3. Know The Item: Even if you think you know everything about the product, you should still do your research. You should know what types of questions to ask on the spot. For instance, if you want to buy a Moroccan rug, you’ll want to know a few things: Is it handmade? How long did it take to make? What material is it made out of? How does it feel? You can use these questions to inform the seller that you came prepared – this can also help intimidate them. Asking these questions will help determine how much it cost to make (time, material, etc). By knowing all of this, you can naturally assume an upper hand.
  4. Be Specific With What You Want: If the seller KNOWS that you want the red (whatever) and they only have yellow, then they will feel bad and potentially offer a discount. I’ve sometimes pretended to want a certain color, knowing they don’t have it. Then I can say I like the product, but it’s not exactly what I was looking for. You can use this on anything, and yes, it is a bit deceiving. That aside, what specifically are you looking for? Do you want a specific color or pattern? Do you “need” a certain size? Being specific and knowing what they have will also help speed up the process and ensure you walk away with exactly what you want.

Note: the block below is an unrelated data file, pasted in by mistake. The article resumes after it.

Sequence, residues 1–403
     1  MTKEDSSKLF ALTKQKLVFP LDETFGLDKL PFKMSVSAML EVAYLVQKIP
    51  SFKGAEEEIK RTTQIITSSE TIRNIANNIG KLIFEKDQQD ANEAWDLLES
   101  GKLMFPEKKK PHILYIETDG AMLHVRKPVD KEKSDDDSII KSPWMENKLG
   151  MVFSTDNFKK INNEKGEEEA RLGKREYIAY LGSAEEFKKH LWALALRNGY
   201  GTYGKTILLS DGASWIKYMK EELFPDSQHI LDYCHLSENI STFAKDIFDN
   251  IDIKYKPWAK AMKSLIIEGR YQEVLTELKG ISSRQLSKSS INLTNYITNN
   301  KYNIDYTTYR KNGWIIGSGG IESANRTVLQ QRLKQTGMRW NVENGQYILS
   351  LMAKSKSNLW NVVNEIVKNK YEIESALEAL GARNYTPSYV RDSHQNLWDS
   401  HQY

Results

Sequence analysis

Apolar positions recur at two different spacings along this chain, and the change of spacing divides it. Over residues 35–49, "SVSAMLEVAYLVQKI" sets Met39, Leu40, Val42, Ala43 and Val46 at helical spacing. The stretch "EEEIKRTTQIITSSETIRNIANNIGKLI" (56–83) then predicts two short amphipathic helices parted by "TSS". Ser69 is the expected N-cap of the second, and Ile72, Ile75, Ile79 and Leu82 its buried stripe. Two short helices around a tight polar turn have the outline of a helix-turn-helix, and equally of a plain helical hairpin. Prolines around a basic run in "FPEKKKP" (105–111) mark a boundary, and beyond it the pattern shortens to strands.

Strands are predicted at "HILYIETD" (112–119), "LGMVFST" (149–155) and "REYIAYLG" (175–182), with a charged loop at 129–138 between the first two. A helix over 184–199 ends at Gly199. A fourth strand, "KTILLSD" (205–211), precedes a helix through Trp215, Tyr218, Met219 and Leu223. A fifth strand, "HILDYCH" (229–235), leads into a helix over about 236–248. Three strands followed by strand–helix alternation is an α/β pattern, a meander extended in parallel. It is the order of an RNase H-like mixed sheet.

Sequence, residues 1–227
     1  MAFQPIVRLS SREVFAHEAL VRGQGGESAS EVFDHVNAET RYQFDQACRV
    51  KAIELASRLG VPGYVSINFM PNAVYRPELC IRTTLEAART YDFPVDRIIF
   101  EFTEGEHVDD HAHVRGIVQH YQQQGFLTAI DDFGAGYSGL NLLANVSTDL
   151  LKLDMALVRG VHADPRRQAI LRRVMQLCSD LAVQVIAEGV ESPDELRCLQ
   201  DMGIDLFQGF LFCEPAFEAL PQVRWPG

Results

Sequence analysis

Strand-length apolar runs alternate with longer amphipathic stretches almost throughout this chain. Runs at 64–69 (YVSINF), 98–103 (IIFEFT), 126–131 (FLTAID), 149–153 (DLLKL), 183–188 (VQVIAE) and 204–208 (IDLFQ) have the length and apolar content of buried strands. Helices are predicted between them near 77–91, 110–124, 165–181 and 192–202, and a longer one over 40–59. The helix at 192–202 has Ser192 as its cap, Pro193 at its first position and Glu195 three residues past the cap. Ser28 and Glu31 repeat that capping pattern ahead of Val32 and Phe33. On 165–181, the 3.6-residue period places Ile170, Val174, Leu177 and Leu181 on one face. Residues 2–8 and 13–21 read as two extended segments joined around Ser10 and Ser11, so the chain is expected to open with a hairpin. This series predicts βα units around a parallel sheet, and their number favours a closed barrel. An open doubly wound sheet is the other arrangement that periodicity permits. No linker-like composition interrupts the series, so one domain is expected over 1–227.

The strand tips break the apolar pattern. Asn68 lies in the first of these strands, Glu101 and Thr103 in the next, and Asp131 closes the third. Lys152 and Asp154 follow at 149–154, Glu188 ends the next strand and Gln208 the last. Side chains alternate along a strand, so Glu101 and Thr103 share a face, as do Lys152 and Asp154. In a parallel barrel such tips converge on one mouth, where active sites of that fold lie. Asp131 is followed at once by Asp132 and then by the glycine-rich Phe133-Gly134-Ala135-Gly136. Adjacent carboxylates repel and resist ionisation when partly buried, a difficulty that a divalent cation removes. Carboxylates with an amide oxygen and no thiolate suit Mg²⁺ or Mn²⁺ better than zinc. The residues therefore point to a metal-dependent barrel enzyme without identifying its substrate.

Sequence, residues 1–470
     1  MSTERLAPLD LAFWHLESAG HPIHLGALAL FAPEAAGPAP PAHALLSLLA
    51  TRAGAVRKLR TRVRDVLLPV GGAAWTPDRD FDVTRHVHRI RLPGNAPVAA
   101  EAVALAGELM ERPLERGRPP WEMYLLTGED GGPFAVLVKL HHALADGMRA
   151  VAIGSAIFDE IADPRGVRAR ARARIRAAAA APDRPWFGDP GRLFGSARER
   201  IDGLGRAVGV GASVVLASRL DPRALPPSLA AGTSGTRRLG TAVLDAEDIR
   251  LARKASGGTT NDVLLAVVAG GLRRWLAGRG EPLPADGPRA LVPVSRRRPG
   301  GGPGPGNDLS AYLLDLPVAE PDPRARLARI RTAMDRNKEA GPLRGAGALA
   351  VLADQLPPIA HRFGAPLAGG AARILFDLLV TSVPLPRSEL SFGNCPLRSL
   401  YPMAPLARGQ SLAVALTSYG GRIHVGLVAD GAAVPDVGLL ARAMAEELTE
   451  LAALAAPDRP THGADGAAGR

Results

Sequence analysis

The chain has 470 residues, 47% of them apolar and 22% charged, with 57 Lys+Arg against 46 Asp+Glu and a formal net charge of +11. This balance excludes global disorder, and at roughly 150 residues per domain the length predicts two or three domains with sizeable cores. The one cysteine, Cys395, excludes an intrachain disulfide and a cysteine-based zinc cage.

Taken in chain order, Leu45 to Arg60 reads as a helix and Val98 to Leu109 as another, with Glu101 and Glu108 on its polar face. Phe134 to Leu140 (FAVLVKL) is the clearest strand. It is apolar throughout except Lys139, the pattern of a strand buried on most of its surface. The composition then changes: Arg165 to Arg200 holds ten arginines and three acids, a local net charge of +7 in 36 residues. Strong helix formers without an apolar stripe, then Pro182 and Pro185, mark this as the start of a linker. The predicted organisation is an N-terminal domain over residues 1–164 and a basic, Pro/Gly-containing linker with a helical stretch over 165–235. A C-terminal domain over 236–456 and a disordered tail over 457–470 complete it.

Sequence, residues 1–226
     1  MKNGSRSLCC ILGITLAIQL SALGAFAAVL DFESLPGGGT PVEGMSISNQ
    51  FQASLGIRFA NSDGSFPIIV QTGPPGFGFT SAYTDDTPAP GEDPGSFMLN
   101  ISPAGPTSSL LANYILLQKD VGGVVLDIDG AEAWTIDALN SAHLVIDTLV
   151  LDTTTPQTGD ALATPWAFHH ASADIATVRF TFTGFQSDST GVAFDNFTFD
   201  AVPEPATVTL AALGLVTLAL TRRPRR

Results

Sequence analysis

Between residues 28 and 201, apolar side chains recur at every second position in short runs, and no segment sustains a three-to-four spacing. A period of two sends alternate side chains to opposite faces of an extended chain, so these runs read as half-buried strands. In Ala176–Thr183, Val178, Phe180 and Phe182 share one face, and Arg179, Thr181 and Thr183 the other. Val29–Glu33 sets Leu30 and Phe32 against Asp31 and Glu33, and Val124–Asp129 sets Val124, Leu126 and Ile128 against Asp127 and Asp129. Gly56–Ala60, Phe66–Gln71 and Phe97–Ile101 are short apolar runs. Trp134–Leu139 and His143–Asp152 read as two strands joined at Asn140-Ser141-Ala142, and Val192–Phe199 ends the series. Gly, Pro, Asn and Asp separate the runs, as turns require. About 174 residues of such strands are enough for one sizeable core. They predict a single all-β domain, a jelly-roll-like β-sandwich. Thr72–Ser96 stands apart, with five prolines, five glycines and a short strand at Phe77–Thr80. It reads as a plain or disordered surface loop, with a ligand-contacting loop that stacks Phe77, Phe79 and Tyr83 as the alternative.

5. Know Your Audience: I remember a man in Thailand shook my hand because I beat him out on negotiating the amount of his tuk tuk to local prices. He was impressed and we both laughed about it. In Morocco, you *could* offend someone if you propose an amount too small. Being sensitive to the starting price is important here so make sure you are aware. This holds true obviously in any type of negotiating, know your audience.
  6. Know the Counter Argument: Moroccans have “if-then” scenarios completely thought through for everything you’re about to say. Therefore, in order to effectively haggle, you must think through both sides to be prepared with a response. In other words, they could potentially take the guilt-trip route and say things like: “My Grandmother worked on this rug her entire life” or “We don’t make any money, you are our last customer of the day.” If they say this, you’ll need a planned reaction to prove you’re not caught off guard, which will help in gaining the negotiating power back in conversation. You could respond with something simple: “I can appreciate that, and also want to make sure this is a fair price for both of us.”